Quick update on recent news: John Kay, hedge funds and house prices control
John Kay wrote an interesting piece in the FT yesterday saying that finance should be treated like fast food to secure stability. I can’t agree more. A nice quote:
Still, would it not be better if proper supervision ensured that no financial institution could ever get into a mess like Northern Rock or Lehman – or Royal Bank of Scotland or Citigroup or AIG? No, it would not. Just replace “financial institution” with “fast-food outlet” or “supermarket” or “carmaker” in that sentence to see how peculiar is the suggestion.
I know what you’re going to say: “but banks are different!” To which I would reply: no, they aren’t. It is treating them as different that makes them different.
Another nice one:
We have experience of structures in which committees in Moscow or Washington take the place of the market in determining the criteria by which a well-run organisation should be judged, and that experience is not encouraging. The truth is that in a constantly changing environment nobody really knows how organisations should best be run, and it is through trial and error that we find out.
I am a little surprised though, as I have the impression that John Kay is kind of contradicting himself (see his post from June in which he seems to say that banking reforms are going the right direction).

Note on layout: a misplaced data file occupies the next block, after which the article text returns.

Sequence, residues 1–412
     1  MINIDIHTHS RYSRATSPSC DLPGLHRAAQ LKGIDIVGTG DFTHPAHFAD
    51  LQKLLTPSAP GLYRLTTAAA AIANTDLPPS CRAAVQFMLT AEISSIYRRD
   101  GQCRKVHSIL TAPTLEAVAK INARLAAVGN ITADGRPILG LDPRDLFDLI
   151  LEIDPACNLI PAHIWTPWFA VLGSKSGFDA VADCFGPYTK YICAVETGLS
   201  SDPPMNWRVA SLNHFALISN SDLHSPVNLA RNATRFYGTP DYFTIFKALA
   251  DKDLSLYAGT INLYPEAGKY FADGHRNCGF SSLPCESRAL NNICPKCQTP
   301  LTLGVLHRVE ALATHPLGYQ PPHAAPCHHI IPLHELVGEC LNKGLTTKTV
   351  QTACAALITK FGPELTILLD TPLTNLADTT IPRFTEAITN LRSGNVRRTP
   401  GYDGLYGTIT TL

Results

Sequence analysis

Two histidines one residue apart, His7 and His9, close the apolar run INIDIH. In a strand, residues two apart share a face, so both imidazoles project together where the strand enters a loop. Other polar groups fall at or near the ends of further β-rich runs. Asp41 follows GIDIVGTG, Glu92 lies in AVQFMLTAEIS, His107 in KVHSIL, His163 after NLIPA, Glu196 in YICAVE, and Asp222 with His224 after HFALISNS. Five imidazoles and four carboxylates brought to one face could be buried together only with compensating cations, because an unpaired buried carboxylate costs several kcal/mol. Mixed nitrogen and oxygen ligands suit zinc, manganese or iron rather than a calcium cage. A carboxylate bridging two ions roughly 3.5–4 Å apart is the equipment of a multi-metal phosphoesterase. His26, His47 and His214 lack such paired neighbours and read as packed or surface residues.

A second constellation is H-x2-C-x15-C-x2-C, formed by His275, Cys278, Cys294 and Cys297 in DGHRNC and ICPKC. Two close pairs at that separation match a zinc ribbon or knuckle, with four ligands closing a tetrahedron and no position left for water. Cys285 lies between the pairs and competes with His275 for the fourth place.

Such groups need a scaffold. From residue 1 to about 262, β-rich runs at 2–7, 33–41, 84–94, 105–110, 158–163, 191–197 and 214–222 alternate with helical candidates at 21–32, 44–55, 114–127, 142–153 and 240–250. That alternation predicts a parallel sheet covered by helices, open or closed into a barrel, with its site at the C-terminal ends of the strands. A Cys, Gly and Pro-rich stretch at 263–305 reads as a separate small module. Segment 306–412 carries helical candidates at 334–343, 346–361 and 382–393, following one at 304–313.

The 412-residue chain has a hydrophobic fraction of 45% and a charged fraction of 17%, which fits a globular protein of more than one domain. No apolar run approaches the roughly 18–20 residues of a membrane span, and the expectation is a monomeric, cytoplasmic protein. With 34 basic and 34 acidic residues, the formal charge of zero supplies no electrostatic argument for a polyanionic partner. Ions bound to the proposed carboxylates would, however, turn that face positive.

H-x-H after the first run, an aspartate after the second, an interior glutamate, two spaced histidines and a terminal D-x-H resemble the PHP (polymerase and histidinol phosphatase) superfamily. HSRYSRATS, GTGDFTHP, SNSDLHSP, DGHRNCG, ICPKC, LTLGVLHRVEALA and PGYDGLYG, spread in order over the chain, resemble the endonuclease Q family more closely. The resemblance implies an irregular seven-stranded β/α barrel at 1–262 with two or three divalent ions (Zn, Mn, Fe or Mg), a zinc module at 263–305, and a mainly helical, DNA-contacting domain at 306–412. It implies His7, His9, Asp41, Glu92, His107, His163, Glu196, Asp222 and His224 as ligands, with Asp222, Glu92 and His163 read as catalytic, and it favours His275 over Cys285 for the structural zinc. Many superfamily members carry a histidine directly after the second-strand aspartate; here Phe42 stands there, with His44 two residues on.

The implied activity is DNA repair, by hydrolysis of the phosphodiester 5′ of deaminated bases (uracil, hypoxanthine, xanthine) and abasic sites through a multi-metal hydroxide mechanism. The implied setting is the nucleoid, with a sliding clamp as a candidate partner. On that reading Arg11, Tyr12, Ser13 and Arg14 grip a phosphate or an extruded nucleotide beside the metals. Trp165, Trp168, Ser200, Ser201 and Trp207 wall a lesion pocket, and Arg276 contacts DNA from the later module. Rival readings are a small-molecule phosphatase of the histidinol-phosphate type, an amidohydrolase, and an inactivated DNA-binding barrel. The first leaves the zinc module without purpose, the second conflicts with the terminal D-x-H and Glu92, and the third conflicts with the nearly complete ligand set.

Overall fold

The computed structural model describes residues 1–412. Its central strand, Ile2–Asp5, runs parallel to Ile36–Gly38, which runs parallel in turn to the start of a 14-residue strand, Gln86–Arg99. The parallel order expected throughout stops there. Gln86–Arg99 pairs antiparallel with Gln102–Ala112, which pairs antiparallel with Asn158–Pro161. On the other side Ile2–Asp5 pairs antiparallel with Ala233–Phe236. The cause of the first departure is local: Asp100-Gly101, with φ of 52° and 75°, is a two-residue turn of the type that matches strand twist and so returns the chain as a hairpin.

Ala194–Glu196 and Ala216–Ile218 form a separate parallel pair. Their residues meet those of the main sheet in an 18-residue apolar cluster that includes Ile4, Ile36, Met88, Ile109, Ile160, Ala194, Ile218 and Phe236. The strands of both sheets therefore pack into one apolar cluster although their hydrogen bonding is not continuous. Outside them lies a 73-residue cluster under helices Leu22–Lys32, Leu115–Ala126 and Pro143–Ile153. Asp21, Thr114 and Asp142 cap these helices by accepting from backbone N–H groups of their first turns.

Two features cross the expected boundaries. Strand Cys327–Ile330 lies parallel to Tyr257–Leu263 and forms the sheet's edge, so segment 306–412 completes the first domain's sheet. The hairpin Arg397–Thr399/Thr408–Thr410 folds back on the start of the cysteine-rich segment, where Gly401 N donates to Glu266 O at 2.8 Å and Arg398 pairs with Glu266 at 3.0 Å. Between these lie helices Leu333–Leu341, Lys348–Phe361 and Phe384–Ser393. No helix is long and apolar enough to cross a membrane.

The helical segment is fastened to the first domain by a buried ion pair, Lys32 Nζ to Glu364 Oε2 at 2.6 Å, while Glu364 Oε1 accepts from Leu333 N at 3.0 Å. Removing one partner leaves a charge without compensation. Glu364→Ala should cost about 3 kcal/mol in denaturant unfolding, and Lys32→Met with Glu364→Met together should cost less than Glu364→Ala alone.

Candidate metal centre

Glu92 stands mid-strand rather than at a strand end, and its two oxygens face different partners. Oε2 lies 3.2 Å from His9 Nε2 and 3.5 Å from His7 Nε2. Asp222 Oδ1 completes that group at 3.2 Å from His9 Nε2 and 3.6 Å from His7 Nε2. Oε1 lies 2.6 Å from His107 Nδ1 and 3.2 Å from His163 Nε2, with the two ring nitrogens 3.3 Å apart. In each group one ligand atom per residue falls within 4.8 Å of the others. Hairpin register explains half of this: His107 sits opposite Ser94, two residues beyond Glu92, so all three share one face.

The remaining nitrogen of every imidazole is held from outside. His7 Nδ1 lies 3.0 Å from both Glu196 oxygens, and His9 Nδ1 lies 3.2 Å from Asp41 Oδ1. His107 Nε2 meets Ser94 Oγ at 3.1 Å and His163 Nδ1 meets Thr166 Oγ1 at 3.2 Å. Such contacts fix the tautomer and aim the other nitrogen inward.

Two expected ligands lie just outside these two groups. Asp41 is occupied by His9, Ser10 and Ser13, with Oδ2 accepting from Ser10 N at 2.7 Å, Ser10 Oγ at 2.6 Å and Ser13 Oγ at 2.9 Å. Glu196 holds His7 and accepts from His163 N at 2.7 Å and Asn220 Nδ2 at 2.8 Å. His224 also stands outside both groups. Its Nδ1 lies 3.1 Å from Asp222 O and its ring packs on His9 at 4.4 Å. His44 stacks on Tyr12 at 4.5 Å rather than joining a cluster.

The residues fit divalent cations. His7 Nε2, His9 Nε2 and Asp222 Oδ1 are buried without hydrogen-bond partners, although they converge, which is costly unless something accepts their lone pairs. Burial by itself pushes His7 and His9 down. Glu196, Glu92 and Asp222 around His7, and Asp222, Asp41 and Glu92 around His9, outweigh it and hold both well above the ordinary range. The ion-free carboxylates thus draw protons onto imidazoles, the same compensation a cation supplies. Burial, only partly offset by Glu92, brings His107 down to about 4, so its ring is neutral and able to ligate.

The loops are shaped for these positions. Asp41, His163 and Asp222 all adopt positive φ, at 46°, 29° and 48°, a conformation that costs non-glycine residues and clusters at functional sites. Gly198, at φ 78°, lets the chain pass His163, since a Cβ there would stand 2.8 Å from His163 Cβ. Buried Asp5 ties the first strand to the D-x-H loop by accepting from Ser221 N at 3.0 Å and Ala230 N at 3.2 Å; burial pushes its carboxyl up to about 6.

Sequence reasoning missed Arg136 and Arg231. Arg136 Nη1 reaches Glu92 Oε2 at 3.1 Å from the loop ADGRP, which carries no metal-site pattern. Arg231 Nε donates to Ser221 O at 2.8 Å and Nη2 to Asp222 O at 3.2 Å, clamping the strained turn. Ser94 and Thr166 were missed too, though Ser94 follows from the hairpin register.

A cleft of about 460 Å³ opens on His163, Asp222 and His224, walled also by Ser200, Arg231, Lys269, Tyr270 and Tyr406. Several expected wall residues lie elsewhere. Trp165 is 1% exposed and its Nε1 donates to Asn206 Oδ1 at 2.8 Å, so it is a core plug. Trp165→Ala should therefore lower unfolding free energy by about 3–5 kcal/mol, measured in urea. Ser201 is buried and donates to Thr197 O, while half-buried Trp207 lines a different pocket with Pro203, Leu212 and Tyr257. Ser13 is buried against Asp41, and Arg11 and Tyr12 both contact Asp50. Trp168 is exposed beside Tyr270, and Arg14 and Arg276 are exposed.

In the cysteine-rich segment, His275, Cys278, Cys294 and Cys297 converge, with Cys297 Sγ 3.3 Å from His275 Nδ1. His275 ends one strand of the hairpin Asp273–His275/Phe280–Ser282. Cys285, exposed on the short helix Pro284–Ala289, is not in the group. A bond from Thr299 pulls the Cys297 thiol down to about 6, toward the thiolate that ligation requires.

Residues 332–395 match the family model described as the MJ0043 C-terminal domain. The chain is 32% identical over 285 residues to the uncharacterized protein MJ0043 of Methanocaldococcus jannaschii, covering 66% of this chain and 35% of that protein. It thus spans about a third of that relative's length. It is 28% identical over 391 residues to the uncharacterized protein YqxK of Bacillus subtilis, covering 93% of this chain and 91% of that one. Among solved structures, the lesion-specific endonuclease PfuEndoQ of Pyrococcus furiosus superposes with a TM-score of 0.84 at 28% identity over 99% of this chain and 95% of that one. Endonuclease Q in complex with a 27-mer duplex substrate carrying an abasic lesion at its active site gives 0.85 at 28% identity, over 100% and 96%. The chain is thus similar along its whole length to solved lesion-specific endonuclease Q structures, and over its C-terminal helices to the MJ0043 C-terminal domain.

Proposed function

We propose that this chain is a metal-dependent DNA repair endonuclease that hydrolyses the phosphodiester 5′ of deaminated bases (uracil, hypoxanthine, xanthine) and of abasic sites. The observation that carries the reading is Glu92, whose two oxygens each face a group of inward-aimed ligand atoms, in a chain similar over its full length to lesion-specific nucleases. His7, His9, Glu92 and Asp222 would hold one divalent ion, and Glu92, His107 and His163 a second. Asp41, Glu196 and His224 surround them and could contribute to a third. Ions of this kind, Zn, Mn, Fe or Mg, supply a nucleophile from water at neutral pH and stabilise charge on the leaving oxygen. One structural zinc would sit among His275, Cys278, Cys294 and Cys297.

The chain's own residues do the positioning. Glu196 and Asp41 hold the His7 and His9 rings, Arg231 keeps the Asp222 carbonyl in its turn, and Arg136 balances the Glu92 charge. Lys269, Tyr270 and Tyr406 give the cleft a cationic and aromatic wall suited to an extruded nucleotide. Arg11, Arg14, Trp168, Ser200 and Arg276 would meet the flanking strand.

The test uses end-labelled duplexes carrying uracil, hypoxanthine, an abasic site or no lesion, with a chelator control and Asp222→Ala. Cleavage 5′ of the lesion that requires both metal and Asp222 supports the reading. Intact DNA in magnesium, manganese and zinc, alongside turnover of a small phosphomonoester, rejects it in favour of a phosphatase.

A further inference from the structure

Another piece highlighted how much regulation is changing the hedge fund industry. What’s going on is that regulation is now limiting new entrants in the market as they can’t cope with booming compliance costs. This results in the largest hedge funds experiencing most of new money inflow from investors. Is this a problem? Yes. First, small hedge funds have traditionally outperformed large and established ones on average. So preventing them from entering the market reduces market and economic efficiency: proper allocation of capital to where it would be the most profitable does not happen as a result (and consequently, returns to investors are lower). Second, and more worrying, is that regulation is now replicating what has happened in the banking industry: it’s creating too big to fail hedge funds (and nobody seems to remember LTCM). Well done guys.
Finally for today, echoing my earlier post, a BoE member thinks that it is not the role of the central bank to control house prices. I certainly agree.